This course examines theory, research, and application in attitudes and change. Through use of evidence-based psychological measurements, research regarding the growing field of implicit attitudes, with the more traditional study of persuasion will be addressed. Additionally, new research on the effects of attitude and change, as is understood within the concept of humanity’s information processing and behavior will be explored.
For information regarding prerequisites for this course, please refer to the Academic Course Catalog.
The spectrum of humanity’s capacity to elicit and experience various attitudes is fairly limitless. Understanding the spectrum of attitude, how such is exhibited, the social impact of individual and communal attitude, and the neurological processes behind attitude are essential to recognizing how opinions, change, and motivation are created. This course will seek to explain how attitudes are established, the measurement of such, as well as how the processes of individual and societal change occur. This course will put major emphasis on the theory of attitude and research regarding reshaping the brain to elicit new attitudes, along with social and psychological evidence supporting the above claims. This course is designed to provide the student with research and theoretical tools for further understanding the created reality of humanity’s attitudes, as God has called each of us to be agents of redemptive change in our world today.
Textbook readings and lecture presentations
Course Requirements Checklist
After reading the Course Syllabus and Student Expectations, the student will complete the related checklist found in the Course Overview.
Discussion Assignments (5)
For five of the modules, the student will submit one chapter summary, from the readings of the given week, with support from at least one journal selection that will be used to understand both the topic and research related to the topic of interest each week. Each summary must be at least 350 words. Students will respond to two peers each week with a response of at least 175 words. Citation of texts and/or articles is encouraged in peer responses.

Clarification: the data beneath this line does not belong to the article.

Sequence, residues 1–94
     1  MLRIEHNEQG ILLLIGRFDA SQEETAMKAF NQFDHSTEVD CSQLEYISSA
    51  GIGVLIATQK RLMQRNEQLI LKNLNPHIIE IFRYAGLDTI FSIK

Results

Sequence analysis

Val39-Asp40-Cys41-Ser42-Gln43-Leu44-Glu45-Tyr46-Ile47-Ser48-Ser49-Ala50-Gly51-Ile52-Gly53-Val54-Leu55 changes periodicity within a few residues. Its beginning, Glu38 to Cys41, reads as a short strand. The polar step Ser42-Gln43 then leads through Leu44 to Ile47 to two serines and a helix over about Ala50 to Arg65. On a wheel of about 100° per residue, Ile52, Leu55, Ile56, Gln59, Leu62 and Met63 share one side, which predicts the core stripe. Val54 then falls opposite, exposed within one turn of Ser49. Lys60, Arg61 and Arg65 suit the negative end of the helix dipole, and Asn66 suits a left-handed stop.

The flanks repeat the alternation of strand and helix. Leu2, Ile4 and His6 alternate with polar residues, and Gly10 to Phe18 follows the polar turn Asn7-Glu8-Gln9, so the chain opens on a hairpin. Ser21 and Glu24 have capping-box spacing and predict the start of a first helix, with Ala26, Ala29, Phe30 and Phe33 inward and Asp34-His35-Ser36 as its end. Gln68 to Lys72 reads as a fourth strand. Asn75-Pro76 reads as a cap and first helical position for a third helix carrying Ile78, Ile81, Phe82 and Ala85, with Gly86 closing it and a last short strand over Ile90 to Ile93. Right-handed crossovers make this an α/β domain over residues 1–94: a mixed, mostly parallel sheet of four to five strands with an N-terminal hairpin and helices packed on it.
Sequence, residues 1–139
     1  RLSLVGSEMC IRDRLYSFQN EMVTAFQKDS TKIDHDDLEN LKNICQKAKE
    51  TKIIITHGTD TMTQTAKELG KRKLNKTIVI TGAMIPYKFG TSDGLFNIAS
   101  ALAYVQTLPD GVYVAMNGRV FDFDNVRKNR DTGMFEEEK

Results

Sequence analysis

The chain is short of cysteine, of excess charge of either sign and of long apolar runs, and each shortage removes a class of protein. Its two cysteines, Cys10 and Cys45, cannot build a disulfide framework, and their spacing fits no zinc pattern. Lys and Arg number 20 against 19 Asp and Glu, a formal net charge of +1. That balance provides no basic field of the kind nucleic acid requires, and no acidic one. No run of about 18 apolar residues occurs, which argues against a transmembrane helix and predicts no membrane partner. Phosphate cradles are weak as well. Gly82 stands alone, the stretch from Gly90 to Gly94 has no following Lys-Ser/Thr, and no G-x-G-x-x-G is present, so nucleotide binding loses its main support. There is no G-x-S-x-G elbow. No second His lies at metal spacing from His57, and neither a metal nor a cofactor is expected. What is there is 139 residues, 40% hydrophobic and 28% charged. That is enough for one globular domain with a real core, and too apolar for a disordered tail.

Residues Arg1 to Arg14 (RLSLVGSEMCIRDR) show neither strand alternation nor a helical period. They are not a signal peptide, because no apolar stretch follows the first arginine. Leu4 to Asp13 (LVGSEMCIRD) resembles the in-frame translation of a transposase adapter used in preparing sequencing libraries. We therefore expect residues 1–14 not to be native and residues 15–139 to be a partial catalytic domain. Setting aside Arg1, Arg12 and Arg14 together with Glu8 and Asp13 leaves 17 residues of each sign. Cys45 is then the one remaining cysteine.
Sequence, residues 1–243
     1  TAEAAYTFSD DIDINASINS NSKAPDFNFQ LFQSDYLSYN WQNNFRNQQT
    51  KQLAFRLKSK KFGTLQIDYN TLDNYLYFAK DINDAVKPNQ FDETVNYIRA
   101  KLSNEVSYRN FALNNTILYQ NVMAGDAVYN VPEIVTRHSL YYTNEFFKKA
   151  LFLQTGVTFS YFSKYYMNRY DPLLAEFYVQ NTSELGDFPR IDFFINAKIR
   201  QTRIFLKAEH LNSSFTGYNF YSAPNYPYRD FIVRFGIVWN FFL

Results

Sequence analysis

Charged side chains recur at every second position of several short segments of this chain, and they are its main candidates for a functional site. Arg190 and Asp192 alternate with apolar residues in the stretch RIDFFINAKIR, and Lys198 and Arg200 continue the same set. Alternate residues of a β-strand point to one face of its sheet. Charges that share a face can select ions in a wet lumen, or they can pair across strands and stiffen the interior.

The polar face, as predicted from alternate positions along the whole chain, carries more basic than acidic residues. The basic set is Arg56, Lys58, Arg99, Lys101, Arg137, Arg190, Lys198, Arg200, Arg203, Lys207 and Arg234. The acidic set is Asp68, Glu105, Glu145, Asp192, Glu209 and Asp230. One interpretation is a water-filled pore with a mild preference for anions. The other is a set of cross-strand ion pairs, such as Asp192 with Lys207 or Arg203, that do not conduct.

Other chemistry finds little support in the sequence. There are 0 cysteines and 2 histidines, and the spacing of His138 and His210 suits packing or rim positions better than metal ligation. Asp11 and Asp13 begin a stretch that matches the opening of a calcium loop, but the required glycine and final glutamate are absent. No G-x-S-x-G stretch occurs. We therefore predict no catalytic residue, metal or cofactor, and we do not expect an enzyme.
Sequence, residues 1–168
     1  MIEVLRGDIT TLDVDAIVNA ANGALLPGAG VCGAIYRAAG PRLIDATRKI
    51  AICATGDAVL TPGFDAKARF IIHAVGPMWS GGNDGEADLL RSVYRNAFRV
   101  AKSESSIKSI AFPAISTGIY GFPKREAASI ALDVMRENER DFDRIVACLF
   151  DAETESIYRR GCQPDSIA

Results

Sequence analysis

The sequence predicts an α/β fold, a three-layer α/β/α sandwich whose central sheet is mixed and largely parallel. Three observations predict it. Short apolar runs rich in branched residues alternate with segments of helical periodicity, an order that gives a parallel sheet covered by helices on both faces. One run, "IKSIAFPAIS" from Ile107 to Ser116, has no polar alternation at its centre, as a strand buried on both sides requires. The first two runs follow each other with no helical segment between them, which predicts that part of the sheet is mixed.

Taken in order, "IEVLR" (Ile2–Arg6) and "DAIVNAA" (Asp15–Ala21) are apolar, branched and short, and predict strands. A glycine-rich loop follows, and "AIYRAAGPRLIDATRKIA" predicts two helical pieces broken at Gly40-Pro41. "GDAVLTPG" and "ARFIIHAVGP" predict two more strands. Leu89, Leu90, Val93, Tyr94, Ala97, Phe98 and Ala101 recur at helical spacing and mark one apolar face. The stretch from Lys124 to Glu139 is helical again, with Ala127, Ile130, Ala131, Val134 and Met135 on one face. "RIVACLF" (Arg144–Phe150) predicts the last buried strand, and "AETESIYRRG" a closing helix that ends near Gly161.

Book Review Assignment
The student is required to read and review the Siegel (2011) text. The book review is to be a review, not a summary of the text. A brief summary may be given at the beginning of the assignment, however, considering the following questions, students will review the text: is the author’s style effective or hard to perceive; did the author achieve set goals; how can the overall impression of the text be evaluated (i.e. engaging, useful, dull, etc.); what strengths of the text exist, specifically when considering humanity’s attitudes and capacity for change; what weaknesses of the text exist, specifically when considering humanity’s attitudes and capacity for change; how might this text be used on a personal or professional basis; in what ways does this text align or fail to align with what is understood in Scripture about humankind’s ability to think, decide, and choose? The Book Review should be 5- 7 pages, written in APA format and consist of the following: an abstract, an introduction, a body which involves responding to the aforementioned questions, and a conclusion. All papers must have an APA title page and reference page. The title page and reference page do not count toward the total required page count.
Theory of Attitude Literature Review Assignment
The student will choose a classical or contemporary theory of attitude to write an 8-10 page literature review on. The literature review should include the following: an abstract, a thesis statement, the history and origins of the theory, the theorists associated with the theory, supporting literature, contradictory literature, how the theory has been used in the past, how the theory measures attitude or change, description of the individual or social use of the theory; suggestions for theory use in the future, how the theory aligns with what is understood about humanity within the Christian worldview, how the theory differs from what the Christian worldview believes about humanity, how the theory could be used by the Christian in the professional field of developmental psychology, and a conclusion. All papers must have an APA title page and reference page. The title page and reference page do not count toward the total required page count.
The Comprehensive Midterm will cover all content from modules 1–4, will consist of 5 short answer/essay questions, and will have a 2-hour time limit.
The Comprehensive Final will cover all material covered in this course, will consist of 5 short answer/essay questions, and will have a 2-hour time limit.